April 24, 2024

chasepost

Built General Tough

‘I signed up for it willingly’: TikTok fan says app helped her Bend business, doesn’t support ban

Fear that the app is sharing users’ information with the Chinese government has led President Trump to try banning TikTok in the U.S.

PORTLAND, Oregon — In the age of smart phones, the U.S. has never outright banned an app, but that could soon change. President Trump is one step closer to banning TikTok, fearing the company is leaking user information to the Chinese Government.

TikTok has about 800 million users worldwide. The app is popular for making videos of everything from goofy dances to business marketing. Bri Bender Martin uses TikTok to boost her small business, Babe City Studio, a boudoir photography business in Bend.

“I think the point of boudoir photography is to help show women how amazing they are,” said Bender Martin, who opened her studio about a year ago.

“I got on TikTok during quarantine and really didn’t know what I was doing,” she said.

Not long after opening her account, Bender Martin posted a simple video on TikTok inviting people to learn more about her businesses. It went viral. Suddenly, Bender Martin said she went from getting around 20 inquiries a month to almost 400. She’s now booked for the year.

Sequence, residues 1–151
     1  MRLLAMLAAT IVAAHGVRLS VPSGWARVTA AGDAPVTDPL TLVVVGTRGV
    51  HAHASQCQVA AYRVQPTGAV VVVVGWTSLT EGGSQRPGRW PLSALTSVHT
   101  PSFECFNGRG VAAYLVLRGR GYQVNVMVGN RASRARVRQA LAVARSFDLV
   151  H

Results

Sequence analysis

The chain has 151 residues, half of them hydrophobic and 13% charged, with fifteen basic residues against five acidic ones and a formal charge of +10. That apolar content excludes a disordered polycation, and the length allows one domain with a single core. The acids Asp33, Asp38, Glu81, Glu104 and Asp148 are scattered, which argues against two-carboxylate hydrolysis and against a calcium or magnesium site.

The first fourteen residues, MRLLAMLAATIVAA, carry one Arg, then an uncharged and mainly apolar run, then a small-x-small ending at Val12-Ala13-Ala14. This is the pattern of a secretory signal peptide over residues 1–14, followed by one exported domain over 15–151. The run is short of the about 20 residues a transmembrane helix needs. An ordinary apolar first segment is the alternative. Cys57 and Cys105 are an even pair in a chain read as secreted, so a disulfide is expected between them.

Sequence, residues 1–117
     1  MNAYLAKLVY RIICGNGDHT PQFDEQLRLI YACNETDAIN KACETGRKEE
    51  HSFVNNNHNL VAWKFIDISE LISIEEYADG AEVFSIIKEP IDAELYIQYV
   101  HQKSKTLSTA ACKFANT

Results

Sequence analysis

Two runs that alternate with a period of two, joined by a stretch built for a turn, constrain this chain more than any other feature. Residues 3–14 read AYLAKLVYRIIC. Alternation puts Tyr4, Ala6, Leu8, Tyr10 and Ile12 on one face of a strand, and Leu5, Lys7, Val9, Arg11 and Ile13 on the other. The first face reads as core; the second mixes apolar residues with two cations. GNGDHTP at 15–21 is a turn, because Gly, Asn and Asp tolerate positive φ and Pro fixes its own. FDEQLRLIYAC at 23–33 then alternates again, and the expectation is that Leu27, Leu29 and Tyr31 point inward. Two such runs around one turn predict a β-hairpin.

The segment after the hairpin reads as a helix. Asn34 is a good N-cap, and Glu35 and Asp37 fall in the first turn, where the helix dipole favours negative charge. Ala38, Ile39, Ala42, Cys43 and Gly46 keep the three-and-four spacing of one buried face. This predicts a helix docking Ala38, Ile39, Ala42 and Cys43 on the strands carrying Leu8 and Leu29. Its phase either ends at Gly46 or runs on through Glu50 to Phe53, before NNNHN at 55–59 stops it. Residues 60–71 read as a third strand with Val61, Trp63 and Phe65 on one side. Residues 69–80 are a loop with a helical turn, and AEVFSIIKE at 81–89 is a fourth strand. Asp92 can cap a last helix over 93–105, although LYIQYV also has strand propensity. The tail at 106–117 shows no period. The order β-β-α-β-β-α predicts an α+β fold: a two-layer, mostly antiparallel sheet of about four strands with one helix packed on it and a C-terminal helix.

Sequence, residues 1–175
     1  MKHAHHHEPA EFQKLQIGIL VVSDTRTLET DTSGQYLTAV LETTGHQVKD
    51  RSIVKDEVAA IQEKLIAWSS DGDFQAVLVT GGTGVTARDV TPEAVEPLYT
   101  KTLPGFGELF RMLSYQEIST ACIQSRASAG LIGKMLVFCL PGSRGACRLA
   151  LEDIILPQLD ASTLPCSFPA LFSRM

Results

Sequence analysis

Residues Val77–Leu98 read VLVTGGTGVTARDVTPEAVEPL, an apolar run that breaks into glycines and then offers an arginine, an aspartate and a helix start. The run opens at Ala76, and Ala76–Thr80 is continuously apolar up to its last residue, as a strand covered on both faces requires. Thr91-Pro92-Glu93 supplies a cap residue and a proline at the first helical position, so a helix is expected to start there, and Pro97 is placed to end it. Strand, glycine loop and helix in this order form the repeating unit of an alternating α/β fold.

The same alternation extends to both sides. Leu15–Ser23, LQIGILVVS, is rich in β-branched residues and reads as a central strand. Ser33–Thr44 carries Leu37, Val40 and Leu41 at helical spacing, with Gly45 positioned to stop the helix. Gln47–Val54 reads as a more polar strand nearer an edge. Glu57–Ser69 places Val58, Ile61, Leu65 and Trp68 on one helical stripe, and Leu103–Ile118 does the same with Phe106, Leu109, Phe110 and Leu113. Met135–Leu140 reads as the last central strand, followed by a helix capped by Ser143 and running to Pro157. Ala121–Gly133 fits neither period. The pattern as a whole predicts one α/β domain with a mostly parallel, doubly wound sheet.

“I was freaking out,” said Bender Martin. “I was like, ‘I don’t know how to contact this many people!’ It was a good problem to have, though.”

Bender Martin quickly amassed more than 20,000 followers on her TikTok account where she posts photos, posing tips and client experiences. All of it would disappear if the U.S. bans TikTok.

TikTok’s owner, ByteDance, is a Chinese internet company. U.S. federal officials worry the Chinese government can access videos and personal information that Americans put on the app. President Trump signed an executive order banning TikTok unless a U.S. company buys it by mid-September. A TikTok spokesperson says the company stores its data in the U.S. and has “strict controls on employee access to information.” Still, at this point we can’t verify whether or not TikTok is sharing data with the Chinese government because ByteDance is a private company.

“Obviously I’m bummed because it’s helped my small business a lot,” said Bender Martin. “I know it’s helped tons of small businesses.”

Bender Martin is optimistic that an American company will buy TikTok. In the meantime, she has no plans to delete her account.

“I signed up for it willingly and clearly it’s benefiting me,” said Bender Martin. “I’m on the internet, I assume I’m being watched.”